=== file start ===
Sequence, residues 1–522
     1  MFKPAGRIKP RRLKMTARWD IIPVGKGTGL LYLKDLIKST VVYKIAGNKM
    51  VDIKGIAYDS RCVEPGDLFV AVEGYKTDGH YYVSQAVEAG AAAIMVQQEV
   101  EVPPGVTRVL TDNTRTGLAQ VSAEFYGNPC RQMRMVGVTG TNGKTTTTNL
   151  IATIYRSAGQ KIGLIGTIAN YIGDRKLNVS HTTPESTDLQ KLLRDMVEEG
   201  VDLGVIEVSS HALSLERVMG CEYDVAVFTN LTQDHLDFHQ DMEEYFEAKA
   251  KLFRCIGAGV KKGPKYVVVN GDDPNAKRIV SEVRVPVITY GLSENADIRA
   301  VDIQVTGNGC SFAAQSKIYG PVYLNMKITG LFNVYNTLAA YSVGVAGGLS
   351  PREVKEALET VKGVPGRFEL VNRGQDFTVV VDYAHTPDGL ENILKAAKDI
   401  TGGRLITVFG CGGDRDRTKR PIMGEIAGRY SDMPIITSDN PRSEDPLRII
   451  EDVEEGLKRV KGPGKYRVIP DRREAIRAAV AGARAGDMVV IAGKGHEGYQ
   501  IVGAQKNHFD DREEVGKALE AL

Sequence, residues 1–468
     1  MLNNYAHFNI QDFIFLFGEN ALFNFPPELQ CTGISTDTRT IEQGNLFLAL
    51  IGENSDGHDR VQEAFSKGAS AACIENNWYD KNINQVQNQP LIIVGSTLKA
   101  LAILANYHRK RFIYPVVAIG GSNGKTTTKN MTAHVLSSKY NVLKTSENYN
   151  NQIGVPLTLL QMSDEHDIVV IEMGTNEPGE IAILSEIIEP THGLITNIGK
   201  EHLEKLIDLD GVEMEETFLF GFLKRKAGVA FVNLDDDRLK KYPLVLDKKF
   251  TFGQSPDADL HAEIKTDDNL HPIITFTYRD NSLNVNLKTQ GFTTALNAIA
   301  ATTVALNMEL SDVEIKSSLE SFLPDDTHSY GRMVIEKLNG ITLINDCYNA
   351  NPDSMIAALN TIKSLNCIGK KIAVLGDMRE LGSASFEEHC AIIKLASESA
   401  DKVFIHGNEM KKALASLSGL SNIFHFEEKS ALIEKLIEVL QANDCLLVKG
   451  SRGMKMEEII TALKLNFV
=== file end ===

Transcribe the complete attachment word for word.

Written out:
Sequence, residues 1–522
     1  MFKPAGRIKP RRLKMTARWD IIPVGKGTGL LYLKDLIKST VVYKIAGNKM
    51  VDIKGIAYDS RCVEPGDLFV AVEGYKTDGH YYVSQAVEAG AAAIMVQQEV
   101  EVPPGVTRVL TDNTRTGLAQ VSAEFYGNPC RQMRMVGVTG TNGKTTTTNL
   151  IATIYRSAGQ KIGLIGTIAN YIGDRKLNVS HTTPESTDLQ KLLRDMVEEG
   201  VDLGVIEVSS HALSLERVMG CEYDVAVFTN LTQDHLDFHQ DMEEYFEAKA
   251  KLFRCIGAGV KKGPKYVVVN GDDPNAKRIV SEVRVPVITY GLSENADIRA
   301  VDIQVTGNGC SFAAQSKIYG PVYLNMKITG LFNVYNTLAA YSVGVAGGLS
   351  PREVKEALET VKGVPGRFEL VNRGQDFTVV VDYAHTPDGL ENILKAAKDI
   401  TGGRLITVFG CGGDRDRTKR PIMGEIAGRY SDMPIITSDN PRSEDPLRII
   451  EDVEEGLKRV KGPGKYRVIP DRREAIRAAV AGARAGDMVV IAGKGHEGYQ
   501  IVGAQKNHFD DREEVGKALE AL

Sequence, residues 1–468
     1  MLNNYAHFNI QDFIFLFGEN ALFNFPPELQ CTGISTDTRT IEQGNLFLAL
    51  IGENSDGHDR VQEAFSKGAS AACIENNWYD KNINQVQNQP LIIVGSTLKA
   101  LAILANYHRK RFIYPVVAIG GSNGKTTTKN MTAHVLSSKY NVLKTSENYN
   151  NQIGVPLTLL QMSDEHDIVV IEMGTNEPGE IAILSEIIEP THGLITNIGK
   201  EHLEKLIDLD GVEMEETFLF GFLKRKAGVA FVNLDDDRLK KYPLVLDKKF
   251  TFGQSPDADL HAEIKTDDNL HPIITFTYRD NSLNVNLKTQ GFTTALNAIA
   301  ATTVALNMEL SDVEIKSSLE SFLPDDTHSY GRMVIEKLNG ITLINDCYNA
   351  NPDSMIAALN TIKSLNCIGK KIAVLGDMRE LGSASFEEHC AIIKLASESA
   401  DKVFIHGNEM KKALASLSGL SNIFHFEEKS ALIEKLIEVL QANDCLLVKG
   451  SRGMKMEEII TALKLNFV